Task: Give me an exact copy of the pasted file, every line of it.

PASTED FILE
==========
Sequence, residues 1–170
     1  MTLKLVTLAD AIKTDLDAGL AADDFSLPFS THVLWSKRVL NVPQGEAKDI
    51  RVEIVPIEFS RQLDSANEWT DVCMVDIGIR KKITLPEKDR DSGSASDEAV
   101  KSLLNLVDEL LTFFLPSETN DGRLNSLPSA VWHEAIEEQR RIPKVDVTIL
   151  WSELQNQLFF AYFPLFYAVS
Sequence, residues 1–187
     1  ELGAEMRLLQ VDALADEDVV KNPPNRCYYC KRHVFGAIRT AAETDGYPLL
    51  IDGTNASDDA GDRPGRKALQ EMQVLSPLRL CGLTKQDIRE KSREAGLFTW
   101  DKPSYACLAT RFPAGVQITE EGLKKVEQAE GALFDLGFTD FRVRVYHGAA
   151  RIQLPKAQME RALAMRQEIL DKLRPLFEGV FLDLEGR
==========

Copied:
Sequence, residues 1–170
     1  MTLKLVTLAD AIKTDLDAGL AADDFSLPFS THVLWSKRVL NVPQGEAKDI
    51  RVEIVPIEFS RQLDSANEWT DVCMVDIGIR KKITLPEKDR DSGSASDEAV
   101  KSLLNLVDEL LTFFLPSETN DGRLNSLPSA VWHEAIEEQR RIPKVDVTIL
   151  WSELQNQLFF AYFPLFYAVS
Sequence, residues 1–187
     1  ELGAEMRLLQ VDALADEDVV KNPPNRCYYC KRHVFGAIRT AAETDGYPLL
    51  IDGTNASDDA GDRPGRKALQ EMQVLSPLRL CGLTKQDIRE KSREAGLFTW
   101  DKPSYACLAT RFPAGVQITE EGLKKVEQAE GALFDLGFTD FRVRVYHGAA
   151  RIQLPKAQME RALAMRQEIL DKLRPLFEGV FLDLEGR